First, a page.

Before 1839 small police forces had been established within Gloucester City and certain towns and Boroughs within the county. Sometimes officers were either ex-members of London’s Metropolitan Force and sometimes seconded from that force.
In 1839 the Gloucestershire County Constabulary was established with a Chief Constable and a maximum number of 250 officers (excluding Gloucester City and Tewkesbury).
In June 1840 there were a total of 245 officers, Superintendents and Constables, stationed at 32 police stations. By 1902 this had increased to 372 officers stationed at 113 police stations.
In 1918 the first women police constables were appointed
Two to be employed in Cheltenham and paid for by the Borough Council. Prior to this date it appeared that female officers were seconded perhaps from the Woman’s Police Service, as and when required. Later in the year a further 8 women were recruited. At this time should they decide to marry then they were required to resign.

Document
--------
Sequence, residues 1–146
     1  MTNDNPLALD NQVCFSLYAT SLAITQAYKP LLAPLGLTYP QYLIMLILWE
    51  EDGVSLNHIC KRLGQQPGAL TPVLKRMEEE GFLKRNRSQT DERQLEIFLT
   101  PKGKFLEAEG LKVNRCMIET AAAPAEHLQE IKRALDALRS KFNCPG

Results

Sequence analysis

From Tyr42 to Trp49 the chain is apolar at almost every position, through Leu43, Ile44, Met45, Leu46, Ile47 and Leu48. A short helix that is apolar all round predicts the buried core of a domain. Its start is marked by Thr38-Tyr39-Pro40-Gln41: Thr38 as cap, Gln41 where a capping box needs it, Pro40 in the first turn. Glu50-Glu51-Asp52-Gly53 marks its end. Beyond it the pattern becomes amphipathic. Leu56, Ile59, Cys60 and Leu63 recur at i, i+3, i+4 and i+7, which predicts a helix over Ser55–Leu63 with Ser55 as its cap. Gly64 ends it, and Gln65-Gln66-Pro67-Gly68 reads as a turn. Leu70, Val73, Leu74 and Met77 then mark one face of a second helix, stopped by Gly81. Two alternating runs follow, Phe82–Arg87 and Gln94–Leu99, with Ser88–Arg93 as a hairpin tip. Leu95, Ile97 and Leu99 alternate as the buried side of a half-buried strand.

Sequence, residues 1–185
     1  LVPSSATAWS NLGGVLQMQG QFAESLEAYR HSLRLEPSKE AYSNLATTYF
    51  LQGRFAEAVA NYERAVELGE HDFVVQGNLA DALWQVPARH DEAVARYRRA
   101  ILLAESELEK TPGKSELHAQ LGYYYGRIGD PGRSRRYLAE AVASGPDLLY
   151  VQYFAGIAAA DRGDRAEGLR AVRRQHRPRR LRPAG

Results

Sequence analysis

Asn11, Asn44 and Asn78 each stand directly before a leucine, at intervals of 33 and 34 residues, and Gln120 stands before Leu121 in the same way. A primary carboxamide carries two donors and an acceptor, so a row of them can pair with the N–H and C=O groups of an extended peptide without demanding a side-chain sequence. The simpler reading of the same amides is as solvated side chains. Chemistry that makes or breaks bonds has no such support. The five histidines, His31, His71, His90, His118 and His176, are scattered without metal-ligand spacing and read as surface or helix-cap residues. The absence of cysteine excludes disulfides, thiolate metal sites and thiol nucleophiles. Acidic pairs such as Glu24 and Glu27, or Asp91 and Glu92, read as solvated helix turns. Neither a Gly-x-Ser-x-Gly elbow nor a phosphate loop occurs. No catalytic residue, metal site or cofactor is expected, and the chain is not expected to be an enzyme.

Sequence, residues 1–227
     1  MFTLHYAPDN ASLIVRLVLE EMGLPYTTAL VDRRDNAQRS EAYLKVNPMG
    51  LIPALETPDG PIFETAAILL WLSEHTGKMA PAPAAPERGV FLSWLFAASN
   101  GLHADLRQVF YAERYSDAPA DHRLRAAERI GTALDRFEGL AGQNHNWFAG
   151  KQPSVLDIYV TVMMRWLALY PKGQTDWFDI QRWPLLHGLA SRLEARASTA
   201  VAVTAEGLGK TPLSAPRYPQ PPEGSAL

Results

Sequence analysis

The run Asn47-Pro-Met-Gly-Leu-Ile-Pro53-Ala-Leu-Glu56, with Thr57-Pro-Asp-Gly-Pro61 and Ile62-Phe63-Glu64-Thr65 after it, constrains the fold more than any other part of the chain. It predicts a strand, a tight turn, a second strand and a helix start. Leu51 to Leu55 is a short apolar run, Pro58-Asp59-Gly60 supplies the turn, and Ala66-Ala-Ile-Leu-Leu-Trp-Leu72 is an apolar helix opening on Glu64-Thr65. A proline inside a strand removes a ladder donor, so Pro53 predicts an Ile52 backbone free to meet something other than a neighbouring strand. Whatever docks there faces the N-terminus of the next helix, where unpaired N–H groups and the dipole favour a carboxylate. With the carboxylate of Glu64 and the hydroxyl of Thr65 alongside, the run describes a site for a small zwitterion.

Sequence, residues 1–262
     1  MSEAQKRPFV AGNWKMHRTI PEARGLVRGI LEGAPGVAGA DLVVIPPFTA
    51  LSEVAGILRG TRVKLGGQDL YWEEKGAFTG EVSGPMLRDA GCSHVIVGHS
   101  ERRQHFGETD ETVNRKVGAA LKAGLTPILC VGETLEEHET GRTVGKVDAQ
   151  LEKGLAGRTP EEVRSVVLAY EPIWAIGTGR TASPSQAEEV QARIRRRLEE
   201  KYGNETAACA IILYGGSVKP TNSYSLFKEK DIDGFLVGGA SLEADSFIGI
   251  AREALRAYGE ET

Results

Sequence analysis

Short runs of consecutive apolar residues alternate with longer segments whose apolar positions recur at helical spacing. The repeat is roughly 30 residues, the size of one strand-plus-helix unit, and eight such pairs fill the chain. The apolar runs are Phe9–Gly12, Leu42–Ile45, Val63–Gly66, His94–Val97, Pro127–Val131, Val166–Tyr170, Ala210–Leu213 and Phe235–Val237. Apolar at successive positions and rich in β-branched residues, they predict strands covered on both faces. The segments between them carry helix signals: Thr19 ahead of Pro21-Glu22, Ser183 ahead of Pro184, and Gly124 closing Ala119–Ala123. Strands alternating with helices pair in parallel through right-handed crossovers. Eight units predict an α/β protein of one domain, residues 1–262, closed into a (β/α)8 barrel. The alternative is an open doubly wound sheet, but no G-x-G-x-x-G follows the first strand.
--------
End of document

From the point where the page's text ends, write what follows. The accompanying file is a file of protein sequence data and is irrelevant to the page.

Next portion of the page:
In June 1947 the force establishment was increased from 519 officers to 653 – about 25% increase. 1960 saw this increase to 772 and by 1970 it stood at 1,185. At this time the Force boundary reached south as far as, and including parts of, Bristol City.
From February 1976 woman became ‘equal’ with male officers, working the same duties and shifts and on equal pay.
Gloucestershire Constabulary is the 2nd oldest County Force in the UK, with Wiltshire being the first. Wiltshire Constabulary was formed on 13th November 1839 while the first Chief Constable of Gloucestershire was appointed on 18th November 1839.
Over a period of time the smaller police forces within the county were merged into the Gloucestershire Constabulary which continued to grow in numbers until 1974 when the lower part of the county from Thornbury south was merged with the newly created Avon & Somerset Constabulary and 340 officers were transferred. The size of the Force was then reduced to 1,007.